Beric Pocklington


Time to change our attitudes

The rainy season has arrived and snow has begun to accumulate in the mountains. As the ski season approaches, so too does the ninth anniversary of the fatal car crash that brought public transit to the Sea to Sky Highway between Squamish and Whistler.

Transit began as a seasonal, winter only, service carrying commuters, shoppers and skiers in both directions between the two communities. It was popular. It was affordable. For many it provided a safe option to driving. For others, living without cars in Squamish, it was an affordable way to get to work or the ski hills. It provided a way for seasonal workers and the elderly in Whistler to shop, access medical and government services and seek a reprieve from the full-time resort experience.

After three years of seasonal operation it proved so successful that it became a year-round operation. Instead of the available, affordable buses that had been used in the past, new, expensive buses were purchased. Instead of the available, affordable transit facility that had been used in the past, a new, expensive transit facility was built in Whistler. Instead of raising fares to reflect the increased costs, fares remained the same.

Is it any surprise that municipal politicians eventually noticed that it was becoming too expensive to operate? After a sudden, 60 per cent increase in fares and three temporary extensions to operations, Sea to Sky Transit joined BC Rail service and the early morning Greyhound trip to Vancouver as part of our transportation history.

Since the 2006 Census our population has increased by about 15 per cent. Highway use increases by about 10 per cent per year. The number of people who commute from Squamish to Whistler or Metro Vancouver probably exceeds either of them. BC Transit seems to have given up. Local politicians don't seem to know where to start. The idea of asking TransLink for help seems to make many people irate, even as they drive to Vancouver across the TransLink supported bridges.

Now, we eagerly await the decision of the BC Passenger Transportation Board. Will they allow Greyhound to cut their minimum required service from eight trips per day to four?

Public transit and planned transportation do exist. On the Sunshine Coast there is public transit, seven days per week, connecting all of the communities between Halfmoon Bay and Langdale. Langdale provides access to Horseshoe Bay and all of the transportation options of Metro Vancouver.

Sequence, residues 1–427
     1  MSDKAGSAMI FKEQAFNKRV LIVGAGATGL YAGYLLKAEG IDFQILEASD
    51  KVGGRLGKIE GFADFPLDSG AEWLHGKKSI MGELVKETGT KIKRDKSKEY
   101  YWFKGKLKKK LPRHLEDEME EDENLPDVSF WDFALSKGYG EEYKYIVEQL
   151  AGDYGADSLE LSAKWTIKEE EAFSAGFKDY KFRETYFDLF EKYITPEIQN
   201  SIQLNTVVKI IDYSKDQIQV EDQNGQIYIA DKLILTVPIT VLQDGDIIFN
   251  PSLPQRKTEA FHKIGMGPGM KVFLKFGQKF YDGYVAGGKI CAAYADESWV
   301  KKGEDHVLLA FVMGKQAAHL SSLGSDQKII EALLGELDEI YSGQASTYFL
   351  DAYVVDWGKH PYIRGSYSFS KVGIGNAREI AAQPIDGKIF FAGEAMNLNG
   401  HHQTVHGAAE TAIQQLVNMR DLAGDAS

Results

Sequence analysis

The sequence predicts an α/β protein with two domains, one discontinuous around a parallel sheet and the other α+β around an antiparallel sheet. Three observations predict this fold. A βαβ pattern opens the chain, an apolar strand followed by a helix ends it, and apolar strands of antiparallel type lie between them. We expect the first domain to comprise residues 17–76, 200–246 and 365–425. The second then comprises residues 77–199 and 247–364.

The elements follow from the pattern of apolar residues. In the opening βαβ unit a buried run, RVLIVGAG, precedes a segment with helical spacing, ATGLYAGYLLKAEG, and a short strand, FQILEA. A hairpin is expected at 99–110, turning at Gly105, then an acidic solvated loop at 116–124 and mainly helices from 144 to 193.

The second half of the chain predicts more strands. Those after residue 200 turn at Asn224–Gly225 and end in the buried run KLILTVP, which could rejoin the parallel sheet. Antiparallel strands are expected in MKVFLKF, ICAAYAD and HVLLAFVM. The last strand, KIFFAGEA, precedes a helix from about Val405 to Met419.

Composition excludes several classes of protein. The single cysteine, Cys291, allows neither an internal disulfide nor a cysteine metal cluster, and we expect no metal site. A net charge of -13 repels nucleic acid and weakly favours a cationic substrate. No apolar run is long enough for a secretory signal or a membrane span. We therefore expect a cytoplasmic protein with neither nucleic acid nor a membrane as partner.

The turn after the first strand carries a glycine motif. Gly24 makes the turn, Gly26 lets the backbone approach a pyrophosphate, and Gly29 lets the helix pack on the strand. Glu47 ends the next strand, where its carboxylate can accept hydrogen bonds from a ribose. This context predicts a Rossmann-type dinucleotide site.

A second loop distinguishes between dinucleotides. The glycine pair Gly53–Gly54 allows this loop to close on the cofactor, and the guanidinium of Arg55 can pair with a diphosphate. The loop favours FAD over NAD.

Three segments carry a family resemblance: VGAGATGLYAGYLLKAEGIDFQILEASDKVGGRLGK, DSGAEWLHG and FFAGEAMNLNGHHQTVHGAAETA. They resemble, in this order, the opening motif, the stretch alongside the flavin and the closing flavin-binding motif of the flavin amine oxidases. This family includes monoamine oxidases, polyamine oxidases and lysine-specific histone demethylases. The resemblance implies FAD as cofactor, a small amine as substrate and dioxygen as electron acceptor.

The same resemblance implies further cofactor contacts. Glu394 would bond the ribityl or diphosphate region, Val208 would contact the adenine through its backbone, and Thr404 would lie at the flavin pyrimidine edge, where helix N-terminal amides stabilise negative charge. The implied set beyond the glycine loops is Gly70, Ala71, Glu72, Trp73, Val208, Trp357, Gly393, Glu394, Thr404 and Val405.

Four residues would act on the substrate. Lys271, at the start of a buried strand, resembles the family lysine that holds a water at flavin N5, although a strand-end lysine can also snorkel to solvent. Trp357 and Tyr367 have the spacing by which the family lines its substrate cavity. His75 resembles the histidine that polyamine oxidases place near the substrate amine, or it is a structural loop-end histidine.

All across North America, young people are choosing not to own cars. Instead of remaining in small towns and rural communities, they move to areas where a car isn't needed. All across North America older people are choosing to move to cities where they can have access to all the services they need without owning a car.

In the Sea to Sky corridor we are increasingly making cars the only means of transportation. What will it take to change the attitudes and actions along the Sea to Sky Corridor?

Murray Gamble


Thanks for trails work

On behalf of the WORCA board and its members I'd like to pass on my thanks and gratitude to the Whistler Bike Park for its recent investment in the maintenance of the Khyber's Pass trail. The new Top of The World trail has made both Khyber's Pass and Ride Don't Slide much more accessible and they experienced significantly more traffic than in previous years.

While working on Tunnel Vision last month I was amazed at the number of full face helmets and DH bikes coming out of Khyber's. The obvious increase in traffic has had an increased impact on the trails so we are very pleased to see the Bike Park take a leading role in the up-keep of these trails.

I was able to witness your trail maintenance team, Tim and Dave, at work; they are doing some excellent armouring in just the right places so this trail remains one of the epic descents in the valley. After a winter of snow compaction it will be ready for some fun next summer!

Thanks again and keep up the great work on these important trails for Whistler.

Tim Andrews

Trails Director, WORCA

If you are here, Volunteer!

As most of you have heard, in 2013 Whistler will be the new home of Ironman Canada!

As someone who has spent the last 12 years living and breathing this sport I can tell you if you are planning to be here get out and volunteer! Ironman is an epic and inspirational journey not only for the athlete, but also for all of the family and friends who support them, and all of the thousands of volunteers who come out and make the event a reality.

Ironman is not just a sport for the elite, though they are amazing to watch, it is the sport for the person who overcame cancer, suffering from ALS, who only has one arm or leg, who lost someone close to them, the double-lung transplant or heart transplant recipient and the person who just wants to see if they can complete it.

With over 2,000 athletes planning to compete next August, our town will be full of triathletes from all over the world. It will be a very exciting time and it will be an opportunity for our communities (Squamish, Whistler, Pemberton) to come out and support each person on their own personal journey to becoming an Ironman.

I have been both a competitor and volunteer so I know what it is like to have someone greet me in the morning and write numbers on my body, help me take my wetsuit off after the swim, someone to lather my arms and face with sunscreen, hold my bike while I use the porta pottie, hand me a drink, banana, gel, and ice cold sponge, take my bike and rack it for me before I start my run, cheer me on when I am feeling low, and finally catch me as I cross the finish line and stay with me grabbing me drinks, pizza, and if needed, medical support.